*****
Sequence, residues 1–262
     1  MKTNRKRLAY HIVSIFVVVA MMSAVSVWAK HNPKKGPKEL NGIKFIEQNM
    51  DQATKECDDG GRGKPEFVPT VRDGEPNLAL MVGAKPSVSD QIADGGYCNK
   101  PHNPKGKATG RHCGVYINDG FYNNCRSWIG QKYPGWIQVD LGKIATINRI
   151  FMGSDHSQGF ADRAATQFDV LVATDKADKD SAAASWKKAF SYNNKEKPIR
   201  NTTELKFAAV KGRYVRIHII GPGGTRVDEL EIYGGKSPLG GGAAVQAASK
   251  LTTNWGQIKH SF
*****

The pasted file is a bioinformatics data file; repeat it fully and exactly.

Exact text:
Sequence, residues 1–262
     1  MKTNRKRLAY HIVSIFVVVA MMSAVSVWAK HNPKKGPKEL NGIKFIEQNM
    51  DQATKECDDG GRGKPEFVPT VRDGEPNLAL MVGAKPSVSD QIADGGYCNK
   101  PHNPKGKATG RHCGVYINDG FYNNCRSWIG QKYPGWIQVD LGKIATINRI
   151  FMGSDHSQGF ADRAATQFDV LVATDKADKD SAAASWKKAF SYNNKEKPIR
   201  NTTELKFAAV KGRYVRIHII GPGGTRVDEL EIYGGKSPLG GGAAVQAASK
   251  LTTNWGQIKH SF